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How to Easily Heat Your Home Using Flower Pots & Tea Lights

How to Easily Heat Your Home Using Flower Pots & Tea Lights
Wanting to cut costs on the energy bill, especially now that temperatures are dropping for the season? Economics may be one reason to seek more sustainable energy sources, but this inventive way to heat the house is also purely fascinating. Journalist, YouTuber, and boat owner Dylan Winter created his DIY heater using tea lights and placed inside a bread tin and covered with two ceramic flowerpots. This creative system uses the scientific principles of convection heat transfer and, according to Winter, can heat his home for around 8 hours a day. The tea lights are first put into a bread loaf tin and covered with a small upside-down flower pot. The hole in the top of the upside-down pot is covered with the metal casing leftover from one of the tea lights. This system works because the candles produce gases full of heated particles that are captured and channeled through the pots. One does not need a huge amount of money to invest in this economical heating method, either. Related:  MiscellaneousLife HacksUnusual Science & activities

Moccasin boot hybrids - old meets new (traditional buckskin woodland footwear, with a modern twist..) This is an article I wrote for a magazine around this time last year, re-posted for those who haven't yet seen it, anyone who has expressed an interest in how they were made having seen them on a course or on my social media images and anyone who likes looking at bluebells! As an amateur designer and maker of home-made clothing and equipment, my holy grail has always been footwear. To look at a modern pair of training shoes for example, with a view to replicating them befuddles my brain beyond belief. Even a standard pair of leather boots seems to combine an unbelievable number of highly developed skills to stitch, shape and join the leather, rubber and metal in order to make something we all take for granted. The humble pair of boots has to fulfil an extraordinary task for which they are not given enough credit. Surely then, to make one’s own footwear for the woods is a skill reserved for only an elite minority, the chosen few, a special kind of craftsman? “Cobblers!”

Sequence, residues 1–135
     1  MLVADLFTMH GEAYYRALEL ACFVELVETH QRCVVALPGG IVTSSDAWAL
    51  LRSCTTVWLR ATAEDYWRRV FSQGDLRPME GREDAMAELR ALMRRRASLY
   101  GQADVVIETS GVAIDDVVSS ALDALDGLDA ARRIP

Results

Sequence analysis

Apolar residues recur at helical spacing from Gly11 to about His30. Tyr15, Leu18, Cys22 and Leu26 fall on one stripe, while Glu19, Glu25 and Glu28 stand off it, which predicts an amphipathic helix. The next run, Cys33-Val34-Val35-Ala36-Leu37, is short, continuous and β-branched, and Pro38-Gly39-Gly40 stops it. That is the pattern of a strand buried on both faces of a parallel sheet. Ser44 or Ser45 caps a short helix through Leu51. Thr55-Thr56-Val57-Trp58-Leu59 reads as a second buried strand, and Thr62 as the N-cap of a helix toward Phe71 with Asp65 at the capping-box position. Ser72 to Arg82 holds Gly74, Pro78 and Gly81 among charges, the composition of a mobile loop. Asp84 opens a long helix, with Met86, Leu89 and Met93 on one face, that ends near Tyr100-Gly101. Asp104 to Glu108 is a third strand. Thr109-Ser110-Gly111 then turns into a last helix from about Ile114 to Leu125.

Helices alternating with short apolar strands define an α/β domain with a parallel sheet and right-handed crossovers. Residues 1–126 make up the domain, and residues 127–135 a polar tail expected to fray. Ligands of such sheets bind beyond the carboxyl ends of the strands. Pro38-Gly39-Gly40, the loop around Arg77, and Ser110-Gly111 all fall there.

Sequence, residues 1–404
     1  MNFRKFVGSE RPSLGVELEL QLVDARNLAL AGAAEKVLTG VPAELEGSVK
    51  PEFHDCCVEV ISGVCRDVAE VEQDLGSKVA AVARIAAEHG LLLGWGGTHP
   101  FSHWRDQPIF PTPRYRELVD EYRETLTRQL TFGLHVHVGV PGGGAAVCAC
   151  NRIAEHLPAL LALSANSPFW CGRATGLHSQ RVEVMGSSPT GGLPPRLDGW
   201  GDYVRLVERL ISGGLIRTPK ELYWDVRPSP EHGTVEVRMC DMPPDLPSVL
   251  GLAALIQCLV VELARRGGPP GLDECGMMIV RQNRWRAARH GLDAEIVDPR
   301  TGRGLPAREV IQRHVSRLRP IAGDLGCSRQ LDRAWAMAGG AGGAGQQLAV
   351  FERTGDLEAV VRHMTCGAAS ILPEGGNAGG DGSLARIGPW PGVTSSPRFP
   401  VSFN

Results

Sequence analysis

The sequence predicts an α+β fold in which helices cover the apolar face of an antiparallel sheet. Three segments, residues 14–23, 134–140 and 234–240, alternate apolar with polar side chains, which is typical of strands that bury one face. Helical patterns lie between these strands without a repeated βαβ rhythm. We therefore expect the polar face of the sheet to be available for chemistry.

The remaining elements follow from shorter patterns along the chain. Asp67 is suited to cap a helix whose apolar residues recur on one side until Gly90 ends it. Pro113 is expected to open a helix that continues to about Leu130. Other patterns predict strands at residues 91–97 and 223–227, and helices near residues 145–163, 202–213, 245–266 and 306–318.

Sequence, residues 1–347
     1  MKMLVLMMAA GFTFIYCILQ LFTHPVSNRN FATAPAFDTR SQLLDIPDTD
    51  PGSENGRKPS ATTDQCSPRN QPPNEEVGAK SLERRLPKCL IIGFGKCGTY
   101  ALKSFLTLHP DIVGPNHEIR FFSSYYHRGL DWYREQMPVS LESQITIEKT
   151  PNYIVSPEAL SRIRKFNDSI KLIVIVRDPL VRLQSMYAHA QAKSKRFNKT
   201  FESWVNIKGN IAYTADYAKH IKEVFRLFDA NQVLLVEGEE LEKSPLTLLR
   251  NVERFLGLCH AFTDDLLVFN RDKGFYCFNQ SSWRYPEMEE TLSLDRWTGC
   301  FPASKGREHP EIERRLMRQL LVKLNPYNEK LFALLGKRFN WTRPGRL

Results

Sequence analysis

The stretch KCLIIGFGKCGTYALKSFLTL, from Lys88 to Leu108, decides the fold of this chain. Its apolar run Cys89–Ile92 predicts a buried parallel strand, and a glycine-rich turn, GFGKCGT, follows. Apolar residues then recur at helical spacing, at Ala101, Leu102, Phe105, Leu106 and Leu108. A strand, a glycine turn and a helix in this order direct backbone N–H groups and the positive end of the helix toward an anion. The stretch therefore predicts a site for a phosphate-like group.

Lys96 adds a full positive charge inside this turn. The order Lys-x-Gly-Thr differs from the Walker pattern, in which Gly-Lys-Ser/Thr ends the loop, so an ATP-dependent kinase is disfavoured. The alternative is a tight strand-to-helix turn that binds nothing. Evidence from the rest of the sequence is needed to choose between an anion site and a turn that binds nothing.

How to make a rocket with sugar and kitty litter Got some powdered sugar and kitty litter just lying around? Sure, there are some more practical uses for both of those things, but let's add some potassium nitrate to the mix and blow it all sky-high. [optional caption text here] Image: [name here]/Shutterstock There's a special place in YouTuber Grant Thompson aka the King of Random's heart for rockets made from innocuous, everyday objects. But what if you could use some plain old powdered sugar and a little bit of potassium nitrate to create a homemade pyrotechnic mixture that can launch a rocket over 700 metres (2,300 feet) into the air? Watch the video above to find out how you can construct this awesome little homemade rocket, complete with a built-in time delay and a parachute ejection charge.

45 Cool Things Everyone Should Learn You know what I love about the Internet? You can find courses, tutorials and lessons for almost anything – and many of them are free. Are you interested in learning to crochet or designing your own website but don’t know when you’ll have the time? Have you thought about taking up an instrument or learning to dance but can’t afford the cost of a class? Would you like to perform a few simple repairs but have no clue where to start? Web Design from Scratch – Your Complete Guide to Web Design.Learn to Crochet – From the Lion Brand yarn company.Learn to Draw Portraits – I couldn’t draw my way out of a paper bag. This list isn’t complete by any means. And you will like also this cool posts: 25 Halloween Science and Sensory Activities for Kids - Fun-A-Day! 672 Flares6481806----×672 Flares FUN Halloween science and sensory activities for the kiddos! Welcome back to Share It Saturday. Last week, as always, there were so many wonderful posts linked up! 1. 11. 16. 21. Be sure to check out my fellow hostesses and see what they’re featuring this week! If you’re a blogger, come on over and share a few recent posts! Here’s the Share It Saturday Button for those of you who link up: For those who were featured, feel free to grab a button just for you: (Linkup closed) Shared at Pinning for Play Hi there!